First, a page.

Jordan-born, Columbus-raised singer Ehab Omran credits his parents' insistence on perfection with the musical growth shown on the hard rock band's 'The Talk,' which surfaced in late August

South of Eden singer Ehab Omran grew up idolizing Guns N’ Roses, so he embraced the opportunity to recreate his own version of Axl Rose's stepping-off-of-the-bus moment from the “Welcome to the Jungle” video when the band decamped to Los Angeles to record its debut album last summer.

“Unfortunately we flew [instead of taking the bus], but when you walk out of the airport you really can breathe and smell L.A. There’s a very specific vibe out there,” said the Jordan-born Omran, who emigrated with his family to Ohio at age 3 and has spent most of his life in Columbus. “As soon as I stepped outside … it was like I had walked into the jungle. You’re out on the streets and it’s like, ‘Holy crap, man, this is insane.’”

These fish-out-of-water feelings only intensified when the four musicians took up residence at the famed Sunset Sound Recorders, which Omran described as hallowed ground, recounting the litany of musicians who had utilized the space, including Prince, Jim Morrison of the Doors and Van Halen, among countless others. Initially, the musicians felt overwhelmed by the studio’s history, but eventually they settled in, determined to “make an impression in the turf,” Omran explained, recording tracks for a teaser EP, The Talk, which surfaced in late August, as well as for a full-length debut the band plans to release later this year.

Get news and entertainment delivered to your inbox: Sign up for our daily newsletter

Most of the songs on the EP were written in 2019, including the thundering title track, which comes across like a hard rock-indebted commentary on current events. “These trying times,” Omran sings at the onset, going on to cryptically detail growing tensions and mindless masses easily swayed by distorted views.

“I always say ‘The Talk’ is a future song because I wrote it last year and it relates so well to everything going on now,” said Omran, who has coped with the extended COVID-driven shutdown by recording acoustic tracks at Sonic Lounge, trying not to focus on the string of cancellations that have obliterated what was to have been a busy year of touring for the crew. “With the climate we’ve lived in the last four years … that song kind of just wrote itself. I guess it just so happened that I wrote generally enough that it ended up fitting this year, as well.”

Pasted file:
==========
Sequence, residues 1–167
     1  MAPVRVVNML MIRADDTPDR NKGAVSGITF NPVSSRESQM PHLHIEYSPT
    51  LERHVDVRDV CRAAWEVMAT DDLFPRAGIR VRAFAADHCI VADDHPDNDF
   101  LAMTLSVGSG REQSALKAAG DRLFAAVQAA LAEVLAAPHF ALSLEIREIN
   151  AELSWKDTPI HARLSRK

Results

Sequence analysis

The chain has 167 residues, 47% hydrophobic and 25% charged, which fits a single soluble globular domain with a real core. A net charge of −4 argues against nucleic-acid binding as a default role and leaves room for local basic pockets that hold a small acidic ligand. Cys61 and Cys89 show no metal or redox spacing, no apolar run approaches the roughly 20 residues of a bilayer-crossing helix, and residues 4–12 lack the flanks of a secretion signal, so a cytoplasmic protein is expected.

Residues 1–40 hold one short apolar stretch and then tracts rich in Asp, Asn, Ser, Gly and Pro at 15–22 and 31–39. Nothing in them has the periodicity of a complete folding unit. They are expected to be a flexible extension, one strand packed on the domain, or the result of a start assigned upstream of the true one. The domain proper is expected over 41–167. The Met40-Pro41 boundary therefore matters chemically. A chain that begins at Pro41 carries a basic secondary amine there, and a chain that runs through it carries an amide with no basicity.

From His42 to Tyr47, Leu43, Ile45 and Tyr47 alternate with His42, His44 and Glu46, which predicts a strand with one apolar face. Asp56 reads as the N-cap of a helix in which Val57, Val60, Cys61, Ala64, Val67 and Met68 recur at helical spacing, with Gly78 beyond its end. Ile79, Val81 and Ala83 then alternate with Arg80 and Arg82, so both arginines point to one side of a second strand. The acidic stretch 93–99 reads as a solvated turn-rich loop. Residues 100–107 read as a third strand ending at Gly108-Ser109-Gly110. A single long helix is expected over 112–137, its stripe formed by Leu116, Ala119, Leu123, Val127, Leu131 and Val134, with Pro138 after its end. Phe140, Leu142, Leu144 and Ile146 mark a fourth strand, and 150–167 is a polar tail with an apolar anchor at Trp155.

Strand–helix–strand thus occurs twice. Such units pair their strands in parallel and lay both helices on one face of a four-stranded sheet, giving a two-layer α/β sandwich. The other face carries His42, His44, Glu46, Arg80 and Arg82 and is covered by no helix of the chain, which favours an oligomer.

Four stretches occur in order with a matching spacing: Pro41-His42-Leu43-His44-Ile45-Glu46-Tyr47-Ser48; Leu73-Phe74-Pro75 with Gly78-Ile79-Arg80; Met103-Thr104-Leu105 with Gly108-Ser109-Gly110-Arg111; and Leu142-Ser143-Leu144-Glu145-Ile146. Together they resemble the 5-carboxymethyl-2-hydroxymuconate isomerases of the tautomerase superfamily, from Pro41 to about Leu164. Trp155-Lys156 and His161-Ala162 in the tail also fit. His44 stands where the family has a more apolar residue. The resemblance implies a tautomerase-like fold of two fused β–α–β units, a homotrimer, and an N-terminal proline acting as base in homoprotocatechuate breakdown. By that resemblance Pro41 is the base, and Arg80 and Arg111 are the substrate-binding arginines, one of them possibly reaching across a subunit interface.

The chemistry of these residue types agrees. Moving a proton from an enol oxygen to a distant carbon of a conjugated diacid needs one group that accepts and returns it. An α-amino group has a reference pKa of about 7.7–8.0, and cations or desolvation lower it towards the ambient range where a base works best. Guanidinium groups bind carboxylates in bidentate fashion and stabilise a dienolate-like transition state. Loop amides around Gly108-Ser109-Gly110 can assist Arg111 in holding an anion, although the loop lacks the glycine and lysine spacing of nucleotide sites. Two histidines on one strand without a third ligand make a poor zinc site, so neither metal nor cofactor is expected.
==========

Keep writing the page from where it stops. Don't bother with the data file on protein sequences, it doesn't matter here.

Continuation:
Other EP tracks are more specific in nature, such as "Solo," centered on drug addiction, and “Dancing With Fire,” which Omran described as a song about pursuing a dream “that contradicts … what your family or loved ones might want for you.” "Dancing With Fire" has its roots in the initial sense of disappointment Omran's parents expressed after the singer dropped out of school at Ohio State, where he studied pre-med, in order to pursue his dreams of making music.

“I envy the people that grew up with very supportive parents, because I was born in Jordan … and the whole reason for us coming here was to get an American education, which is very much sought after all over the world,” Omran said. “[My parents] wanted a better life for us. So I came here and studied to be a doctor, and I went to college for pre-med and all that fun stuff. But, at the end of the day, there was always this thing nagging me in the back of my head, which was derived from my childhood [spent] listening to people like Michael Jackson and James Brown.”

Making matters worse, when Omran dropped out, he initially declined to tell his parents, allowing them to believe, for a time, that he was still enrolled in his studies. “It wasn’t the best way to go about it, and eventually they found out, and they were very, very, very worried for a long time,” Omran said, adding that those concerns have lessened in recent months as South of Eden, formerly known as Black Coffee, signed a label deal with Lava Records, landed a contract with influential booking agent CAA (Creative Artists Agency) and performed on bills with artists like the Foo Fighters and System of a Down. “As soon as you see your kid is more or less doing OK, I guess some of that worry falls off.”

At the same time, Omran credits his parents’ insistence on perfection with the leaps he has made as a singer. (Omran is in possession of a mighty wail, which you can bear witness to in the video for “The Talk” embedded below.)

“As a kid I’d be singing Michael Jackson and they’d be like, ‘You’re good … but I don’t know if I like your voice very much,’” Omran said, and laughed. “They were brutally honest in that way, to where I would show my mom a magic trick and she would say, ‘Oh, I know how you did that,’ and then she would totally debunk it for me. And I know that sounds cruel, man, but my parents always pushed me to be the best at whatever I was doing, and now I can pull off some magic tricks where you could never figure out how I did it.”

Watch the video for "The Talk" below.